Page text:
Stabilizing displayed proteins on vegetative Bacillus subtilis cells
Microbes engineered to display heterologous proteins could be useful biotechnological tools for protein engineering, lignocellulose degradation, biocatalysis, bioremediation, and biosensing. Bacillus subtilis is a promising host to display proteins, as this model Gram-positive bacterium is genetically tractable and already used industrially to produce enzymes. To gain insight into the factors that affect displayed protein stability and copy number, we systematically compared the ability of different protease-deficient B. subtilis strains (WB800, BRB07, BRB08, and BRB14) to display a Cel8A-LysM reporter protein in which the Clostridium thermocellum Cel8A endoglucanase is fused to LysM cell wall binding modules. Whole-cell cellulase measurements and fractionation experiments demonstrate that genetically eliminating extracytoplasmic bacterial proteases improves Cel8A-LysM display levels. However, upon entering stationary phase, for all protease-deficient strains, the amount of displayed reporter dramatically decreases, presumably as a result of cellular autolysis. This problem can be partially overcome by adding chemical protease inhibitors, which significantly increase protein display levels. We conclude that strain BRB08 is well suited for stably displaying our reporter protein, as genetic removal of its extracellular and cell wall-associated proteases leads to the highest levels of surface-accumulated Cel8A-LysM without causing secretion stress or impairing growth. A two-step procedure is presented that enables the construction of enzyme-coated vegetative B. subtilis cells that retain stable cell-associated enzyme activity for nearly 3 days. The results of this work could aid the development of whole-cell display systems that have useful biotechnological applications.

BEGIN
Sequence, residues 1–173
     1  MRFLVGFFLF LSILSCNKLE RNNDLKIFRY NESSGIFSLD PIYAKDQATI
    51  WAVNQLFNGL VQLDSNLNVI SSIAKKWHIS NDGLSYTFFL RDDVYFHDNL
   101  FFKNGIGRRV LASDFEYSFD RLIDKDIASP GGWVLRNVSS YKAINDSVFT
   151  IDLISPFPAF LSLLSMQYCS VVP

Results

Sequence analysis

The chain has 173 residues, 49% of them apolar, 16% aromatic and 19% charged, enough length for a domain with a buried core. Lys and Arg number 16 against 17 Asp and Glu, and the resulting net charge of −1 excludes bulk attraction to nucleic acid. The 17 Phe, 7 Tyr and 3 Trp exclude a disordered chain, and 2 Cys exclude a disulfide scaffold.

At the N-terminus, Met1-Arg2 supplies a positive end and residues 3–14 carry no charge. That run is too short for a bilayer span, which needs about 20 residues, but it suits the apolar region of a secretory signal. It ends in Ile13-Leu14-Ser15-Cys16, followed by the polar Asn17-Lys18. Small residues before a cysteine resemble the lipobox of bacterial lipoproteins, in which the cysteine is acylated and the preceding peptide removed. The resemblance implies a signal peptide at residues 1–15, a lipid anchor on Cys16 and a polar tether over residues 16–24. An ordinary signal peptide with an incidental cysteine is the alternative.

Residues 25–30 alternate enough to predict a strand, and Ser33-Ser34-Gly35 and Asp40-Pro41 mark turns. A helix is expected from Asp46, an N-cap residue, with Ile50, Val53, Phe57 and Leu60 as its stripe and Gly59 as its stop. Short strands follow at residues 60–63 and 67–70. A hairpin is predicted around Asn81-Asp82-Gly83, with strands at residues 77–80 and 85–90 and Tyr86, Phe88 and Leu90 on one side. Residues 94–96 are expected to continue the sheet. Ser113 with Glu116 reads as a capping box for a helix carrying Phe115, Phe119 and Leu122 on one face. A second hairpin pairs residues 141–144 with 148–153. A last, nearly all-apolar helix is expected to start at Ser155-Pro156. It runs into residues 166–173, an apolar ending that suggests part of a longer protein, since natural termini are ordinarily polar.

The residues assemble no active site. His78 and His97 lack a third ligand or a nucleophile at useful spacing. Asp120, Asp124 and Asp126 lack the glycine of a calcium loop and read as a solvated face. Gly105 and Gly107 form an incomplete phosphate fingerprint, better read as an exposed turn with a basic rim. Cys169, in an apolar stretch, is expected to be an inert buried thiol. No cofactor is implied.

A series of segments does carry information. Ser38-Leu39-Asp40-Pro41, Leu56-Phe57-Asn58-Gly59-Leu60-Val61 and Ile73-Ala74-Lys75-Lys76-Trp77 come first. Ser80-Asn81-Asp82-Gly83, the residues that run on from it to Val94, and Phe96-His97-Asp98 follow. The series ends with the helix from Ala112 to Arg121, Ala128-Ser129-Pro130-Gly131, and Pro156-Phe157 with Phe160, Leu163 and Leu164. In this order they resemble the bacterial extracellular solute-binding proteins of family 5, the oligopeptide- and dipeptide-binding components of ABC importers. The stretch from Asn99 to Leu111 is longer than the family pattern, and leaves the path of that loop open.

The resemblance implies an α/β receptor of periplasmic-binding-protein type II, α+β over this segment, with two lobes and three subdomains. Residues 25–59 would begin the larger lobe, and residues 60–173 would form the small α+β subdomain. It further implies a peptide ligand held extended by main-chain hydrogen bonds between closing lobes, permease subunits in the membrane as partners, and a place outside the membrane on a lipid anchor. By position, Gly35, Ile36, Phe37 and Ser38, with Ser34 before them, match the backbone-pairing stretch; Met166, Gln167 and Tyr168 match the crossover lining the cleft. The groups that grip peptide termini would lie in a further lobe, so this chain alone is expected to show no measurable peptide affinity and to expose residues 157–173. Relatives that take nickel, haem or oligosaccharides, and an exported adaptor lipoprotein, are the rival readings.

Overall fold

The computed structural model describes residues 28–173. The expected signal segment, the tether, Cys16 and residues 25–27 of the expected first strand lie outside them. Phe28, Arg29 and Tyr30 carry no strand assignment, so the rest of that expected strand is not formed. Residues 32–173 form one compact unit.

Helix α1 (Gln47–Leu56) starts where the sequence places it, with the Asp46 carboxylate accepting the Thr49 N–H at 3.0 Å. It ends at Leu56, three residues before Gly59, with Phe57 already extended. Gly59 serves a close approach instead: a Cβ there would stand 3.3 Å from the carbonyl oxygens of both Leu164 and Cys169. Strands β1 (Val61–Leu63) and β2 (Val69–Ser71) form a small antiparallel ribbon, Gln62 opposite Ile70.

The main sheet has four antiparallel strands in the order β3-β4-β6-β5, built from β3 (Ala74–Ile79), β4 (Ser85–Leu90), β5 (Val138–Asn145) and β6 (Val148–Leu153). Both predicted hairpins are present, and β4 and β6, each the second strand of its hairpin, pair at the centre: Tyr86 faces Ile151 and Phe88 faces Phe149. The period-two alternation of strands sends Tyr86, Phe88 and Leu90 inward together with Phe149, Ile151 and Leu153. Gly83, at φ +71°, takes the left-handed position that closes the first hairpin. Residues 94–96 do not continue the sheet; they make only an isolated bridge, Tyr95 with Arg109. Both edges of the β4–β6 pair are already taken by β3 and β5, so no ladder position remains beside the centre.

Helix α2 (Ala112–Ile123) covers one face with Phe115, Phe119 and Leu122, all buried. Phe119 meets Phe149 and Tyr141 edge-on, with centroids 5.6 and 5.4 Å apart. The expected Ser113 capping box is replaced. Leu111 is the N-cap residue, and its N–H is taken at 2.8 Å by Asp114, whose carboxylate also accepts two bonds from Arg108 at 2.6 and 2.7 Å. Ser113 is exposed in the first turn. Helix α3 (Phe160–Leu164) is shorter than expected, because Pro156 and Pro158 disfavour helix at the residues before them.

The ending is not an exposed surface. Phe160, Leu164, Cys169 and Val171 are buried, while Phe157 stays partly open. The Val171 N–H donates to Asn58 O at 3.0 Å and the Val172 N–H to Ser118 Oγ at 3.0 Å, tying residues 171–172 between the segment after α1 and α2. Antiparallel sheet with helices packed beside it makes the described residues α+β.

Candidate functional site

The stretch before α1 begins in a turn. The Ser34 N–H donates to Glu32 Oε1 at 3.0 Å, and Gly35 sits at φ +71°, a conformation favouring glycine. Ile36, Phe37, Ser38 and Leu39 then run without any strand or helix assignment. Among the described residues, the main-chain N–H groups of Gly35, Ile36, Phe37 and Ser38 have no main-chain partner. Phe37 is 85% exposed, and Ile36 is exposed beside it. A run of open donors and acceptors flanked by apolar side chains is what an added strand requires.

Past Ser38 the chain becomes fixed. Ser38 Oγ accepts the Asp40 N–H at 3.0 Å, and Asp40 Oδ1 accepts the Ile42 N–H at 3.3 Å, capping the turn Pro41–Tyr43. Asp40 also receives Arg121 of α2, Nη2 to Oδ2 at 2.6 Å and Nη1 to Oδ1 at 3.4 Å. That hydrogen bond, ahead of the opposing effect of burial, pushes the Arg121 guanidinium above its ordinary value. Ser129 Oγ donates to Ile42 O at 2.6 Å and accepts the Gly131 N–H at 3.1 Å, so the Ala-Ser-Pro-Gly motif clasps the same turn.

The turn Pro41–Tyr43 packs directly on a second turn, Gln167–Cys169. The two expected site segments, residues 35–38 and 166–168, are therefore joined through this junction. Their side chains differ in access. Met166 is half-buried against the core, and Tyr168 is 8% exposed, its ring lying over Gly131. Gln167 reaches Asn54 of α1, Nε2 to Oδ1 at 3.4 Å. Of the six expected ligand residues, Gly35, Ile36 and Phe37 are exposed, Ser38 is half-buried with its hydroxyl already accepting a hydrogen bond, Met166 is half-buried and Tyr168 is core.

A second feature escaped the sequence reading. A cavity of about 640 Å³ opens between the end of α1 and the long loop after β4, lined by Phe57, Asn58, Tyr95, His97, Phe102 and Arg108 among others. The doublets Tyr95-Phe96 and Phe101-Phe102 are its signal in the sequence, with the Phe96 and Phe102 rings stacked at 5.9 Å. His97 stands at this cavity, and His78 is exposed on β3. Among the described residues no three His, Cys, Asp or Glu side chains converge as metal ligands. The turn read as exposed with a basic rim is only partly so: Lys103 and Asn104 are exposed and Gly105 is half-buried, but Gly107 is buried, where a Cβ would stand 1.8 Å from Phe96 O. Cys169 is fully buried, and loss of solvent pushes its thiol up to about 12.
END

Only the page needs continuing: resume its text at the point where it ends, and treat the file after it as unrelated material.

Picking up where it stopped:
KeywordsBacillus subtilis Protease-deficient Cell surface display LysM
We thank the Bacillus Genetic Stock Center (BGSC), Cobra Biologics, and Dr. Beth Lazazzera for providing plasmids and strains, and Dr. Peter Bradley for allowing us to use his microscope. This material is based upon a work supported by the U.S. Department of Energy Office of Science, Office of Biological and Environmental Research program under Award Number DE-FC02-02ER63421. GL Huang was supported by a Ruth L. Kirschstein National Research Service Award GM007185.
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Conflict of interest
The authors declare that they have no conflict of interest.
This article does not contain any studies with human participants or animals performed by any of the authors.
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